Snorkeling in the Florida Keys can be great fun, unless you get stung by a jelly fish! Jelly fish stings can irritate your skin for days or even weeks without the proper remedy. Here is the Home Remedy that we used that actually worked!
Jellyfish Sting Home Remedy
Travel Stage: Last day in the Florida Keys and the following two weeks
Date: February 2, 2016
Our fifth and final day of our Florida Keys (for free!) Adventure, we waved goodbye to Key West and began the long trek back to Florida’s mainland. But we did have one final adventure in store: Snorkeling! We chose to snorkel Sombrero Reef located 6 miles off Marathon Key.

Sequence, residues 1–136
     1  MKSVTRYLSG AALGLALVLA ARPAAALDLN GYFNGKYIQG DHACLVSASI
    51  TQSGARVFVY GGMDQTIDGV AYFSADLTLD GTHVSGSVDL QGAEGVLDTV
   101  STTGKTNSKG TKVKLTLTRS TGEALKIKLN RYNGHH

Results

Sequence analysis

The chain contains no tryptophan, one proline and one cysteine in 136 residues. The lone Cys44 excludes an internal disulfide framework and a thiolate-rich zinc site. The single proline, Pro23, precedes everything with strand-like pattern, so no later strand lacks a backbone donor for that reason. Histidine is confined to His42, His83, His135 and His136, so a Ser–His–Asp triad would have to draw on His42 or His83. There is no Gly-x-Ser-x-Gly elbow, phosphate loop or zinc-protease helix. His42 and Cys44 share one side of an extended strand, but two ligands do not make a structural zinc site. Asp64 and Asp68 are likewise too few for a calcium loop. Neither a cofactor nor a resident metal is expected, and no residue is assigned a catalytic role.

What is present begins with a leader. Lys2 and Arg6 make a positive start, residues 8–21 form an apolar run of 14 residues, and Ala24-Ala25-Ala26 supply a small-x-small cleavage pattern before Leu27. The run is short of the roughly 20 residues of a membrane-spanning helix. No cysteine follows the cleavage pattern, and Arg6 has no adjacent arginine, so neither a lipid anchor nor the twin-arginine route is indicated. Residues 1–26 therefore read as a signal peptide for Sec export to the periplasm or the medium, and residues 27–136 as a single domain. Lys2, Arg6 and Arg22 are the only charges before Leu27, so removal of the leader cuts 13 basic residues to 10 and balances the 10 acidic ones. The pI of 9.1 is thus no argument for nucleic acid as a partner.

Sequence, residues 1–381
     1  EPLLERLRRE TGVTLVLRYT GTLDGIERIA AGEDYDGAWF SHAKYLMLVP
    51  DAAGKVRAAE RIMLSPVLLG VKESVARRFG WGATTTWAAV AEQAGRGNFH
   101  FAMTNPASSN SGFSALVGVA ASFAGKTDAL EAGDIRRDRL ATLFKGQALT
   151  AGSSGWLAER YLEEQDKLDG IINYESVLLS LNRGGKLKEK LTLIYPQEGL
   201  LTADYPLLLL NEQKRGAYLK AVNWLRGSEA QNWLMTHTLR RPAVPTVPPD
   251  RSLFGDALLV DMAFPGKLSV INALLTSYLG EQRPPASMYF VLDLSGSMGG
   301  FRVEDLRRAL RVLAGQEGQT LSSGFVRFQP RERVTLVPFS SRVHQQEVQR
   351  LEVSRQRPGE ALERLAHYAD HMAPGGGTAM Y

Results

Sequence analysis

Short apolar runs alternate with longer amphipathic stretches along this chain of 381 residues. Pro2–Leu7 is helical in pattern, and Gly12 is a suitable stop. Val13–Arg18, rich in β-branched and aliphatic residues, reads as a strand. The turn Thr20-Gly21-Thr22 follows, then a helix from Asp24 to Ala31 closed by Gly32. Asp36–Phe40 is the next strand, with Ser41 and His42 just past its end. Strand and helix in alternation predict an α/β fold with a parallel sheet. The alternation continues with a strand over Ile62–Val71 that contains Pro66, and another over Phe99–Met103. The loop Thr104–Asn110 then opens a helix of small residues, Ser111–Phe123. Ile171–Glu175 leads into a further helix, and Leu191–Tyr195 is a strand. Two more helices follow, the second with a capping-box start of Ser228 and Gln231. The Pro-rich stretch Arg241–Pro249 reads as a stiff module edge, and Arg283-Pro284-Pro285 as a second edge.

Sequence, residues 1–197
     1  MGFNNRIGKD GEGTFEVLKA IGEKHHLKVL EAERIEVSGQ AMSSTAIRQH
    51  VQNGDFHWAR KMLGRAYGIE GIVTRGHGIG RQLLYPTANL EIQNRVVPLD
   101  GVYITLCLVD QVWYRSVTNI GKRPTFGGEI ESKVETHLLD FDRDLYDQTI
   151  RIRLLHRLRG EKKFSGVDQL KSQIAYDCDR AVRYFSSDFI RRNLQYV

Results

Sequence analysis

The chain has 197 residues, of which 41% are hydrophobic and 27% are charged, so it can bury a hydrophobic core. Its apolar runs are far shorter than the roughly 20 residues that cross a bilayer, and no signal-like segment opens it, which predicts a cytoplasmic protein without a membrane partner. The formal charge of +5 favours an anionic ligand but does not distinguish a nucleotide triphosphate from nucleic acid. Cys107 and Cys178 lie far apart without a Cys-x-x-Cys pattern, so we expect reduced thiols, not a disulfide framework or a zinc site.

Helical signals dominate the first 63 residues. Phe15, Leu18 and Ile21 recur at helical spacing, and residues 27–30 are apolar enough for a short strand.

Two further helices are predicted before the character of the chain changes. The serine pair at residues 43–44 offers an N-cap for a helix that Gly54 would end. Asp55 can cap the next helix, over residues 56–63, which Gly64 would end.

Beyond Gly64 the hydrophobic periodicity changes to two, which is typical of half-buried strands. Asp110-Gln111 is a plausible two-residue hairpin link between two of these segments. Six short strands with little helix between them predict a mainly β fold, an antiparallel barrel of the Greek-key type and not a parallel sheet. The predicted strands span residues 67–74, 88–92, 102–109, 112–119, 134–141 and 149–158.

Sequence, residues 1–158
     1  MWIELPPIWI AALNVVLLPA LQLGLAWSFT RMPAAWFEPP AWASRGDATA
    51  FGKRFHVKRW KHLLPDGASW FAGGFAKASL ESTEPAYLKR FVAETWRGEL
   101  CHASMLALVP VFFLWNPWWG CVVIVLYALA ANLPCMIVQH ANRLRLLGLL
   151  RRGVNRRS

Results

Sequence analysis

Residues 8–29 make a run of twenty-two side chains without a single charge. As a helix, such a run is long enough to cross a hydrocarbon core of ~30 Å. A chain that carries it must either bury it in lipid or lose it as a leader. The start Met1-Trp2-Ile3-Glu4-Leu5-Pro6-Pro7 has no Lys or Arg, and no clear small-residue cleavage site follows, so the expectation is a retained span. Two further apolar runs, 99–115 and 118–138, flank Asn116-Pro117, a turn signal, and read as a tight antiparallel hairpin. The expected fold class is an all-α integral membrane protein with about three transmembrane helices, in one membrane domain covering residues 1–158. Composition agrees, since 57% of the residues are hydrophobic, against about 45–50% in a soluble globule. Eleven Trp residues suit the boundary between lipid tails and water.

We had read that the reef here was one of the healthiest, and one of the most satisfying for seeing lots of marine life. We snorkeled with Starfish Snorkeling. I was both excited and terrified to snorkel – with a few possibly unrealistic fears of being eaten by sharks or being bitten by a barracuda. But we both wanted to see what it was like, and the Key really need to be experienced from the water.
Unfortunately, the day did not go completely as hoped. First of all, the seas were rough. Waves crashed over the bow of the power catamaran, spraying the passengers seated up front (luckily we had chosen a spot in the back). Four to five foot swells rolled the boat when we finally got to the mooring out at Sombrero Lighthouse on the reef. We were there not 10 seconds before we all saw a sea turtle from the boat! We took it as a good omen and were excited to get in the water. Little did we know…